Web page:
Scientists unveil instant test to banish superbugs

The kit being co-developed by Edinburgh University scientists
The kit being co-developed by Edinburgh University scientists
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SCIENTISTS in the Capital are hoping to stop the spread of hospital superbugs with a life-saving test that diagnoses bacterial infections straight away.

Patients currently have to wait up to two days for ­laboratory screening results to discover if they have the ­potentially deadly bug MRSA.

But the new test, which will be trialled at Edinburgh Royal Infirmary, will save valuable time and money with the vital results returned while patients wait.

The “rapid point of care ­testing” works by taking swabs from a wound or sore which are then analysed using a strip with electrical sensors that detect harmful bacteria.

The kit, being developed by Edinburgh University scientists and Swedish giants Mölnlycke Health Care, will mean patients can be isolated immediately, rather than taken to a ward, halting the spread of the deadly infection.

Russell McCraith, managing director of MHC Scotland Ltd at Edinburgh’s 
BioQuarter, said it will revolutionise the MRSA screening process, saving the NHS money and improving patient care.

He explained: “The current technology used is very slow and basically involves taking a sample to a centralised, or even outsourced lab, then growing it on a plate and identifying the bacteria.

“The key benefit with this technology is that testing can take place when the patient is going through the admittance procedure. The swab can be taken, the test can be ­performed and they will get the results quickly so doctors can determine what to do with the patient.

“It will improve the efficiency of the hospital with a better patient flow; they will receive care much more quickly without spreading the infections to other patients in the interim.”

Researchers at the University of Edinburgh devised the technique using swabs taken from patients attending NHS Lothian’s Diabetic Foot Clinic at the Edinburgh Royal Infirmary.

Detection of MRSA in these patients is important to prevent the spread of infection, which can lead to the amputation of limbs and increase the risk of mortality.

Dr Till Bachmann, from the University of Edinburgh’s Division of Pathway Medicine, said antibiotic resistance is becoming a pressing issue in modern healthcare, but the years of research had paid off.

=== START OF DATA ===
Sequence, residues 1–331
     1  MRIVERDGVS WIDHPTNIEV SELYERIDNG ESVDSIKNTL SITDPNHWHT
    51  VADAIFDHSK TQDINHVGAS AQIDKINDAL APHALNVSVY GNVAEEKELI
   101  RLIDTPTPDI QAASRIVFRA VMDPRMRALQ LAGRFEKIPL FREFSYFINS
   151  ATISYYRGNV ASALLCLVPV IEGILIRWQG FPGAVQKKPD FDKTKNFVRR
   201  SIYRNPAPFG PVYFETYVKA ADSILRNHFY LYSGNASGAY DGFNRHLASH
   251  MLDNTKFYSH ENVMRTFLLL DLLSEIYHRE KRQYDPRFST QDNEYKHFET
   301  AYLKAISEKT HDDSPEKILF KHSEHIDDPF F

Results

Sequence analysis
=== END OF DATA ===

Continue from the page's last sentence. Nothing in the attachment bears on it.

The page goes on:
He said: “It was a new method of research for me and I was thrilled by the performance of the system. By developing a rapid and cost-effective test, we would know what kind of infection is present straight away, which will improve the chance of success in treating it.”

The development of the test was funded with £2.26 million from economic advancement agency Scottish Enterprise’s Large Scale Research and Development Programme.

It is hoped the technique will eventually be rolled out to GP practices or even in a person’s home.

Eleanor Mitchell, director of commercialisation, Scottish Enterprise, said: “Mölnlycke Health Care’s decision to locate in Scotland is testament to the international reputation of our universities, businesses and skills base.”


METICILLIN-resistant staphylococcus aureus, or MRSA, is a type of bacterial infection that is resistant to a number of widely used antibiotics traditionally making it more difficult to treat than other bacterial infections.

Staphylococcus aureus is a common type of bacteria that is often carried on the skin, inside the nostrils and the throat and can cause mild infections of the skin, such as boils and impetigo.

If it gets into a break in the skin the bacteria can cause life-threatening infections, such as blood poisoning or endocarditis – an infection of the inner lining of the heart. In 2011 there were three patient deaths at Edinburgh Royal Infirmary that were directly caused by the killer bug.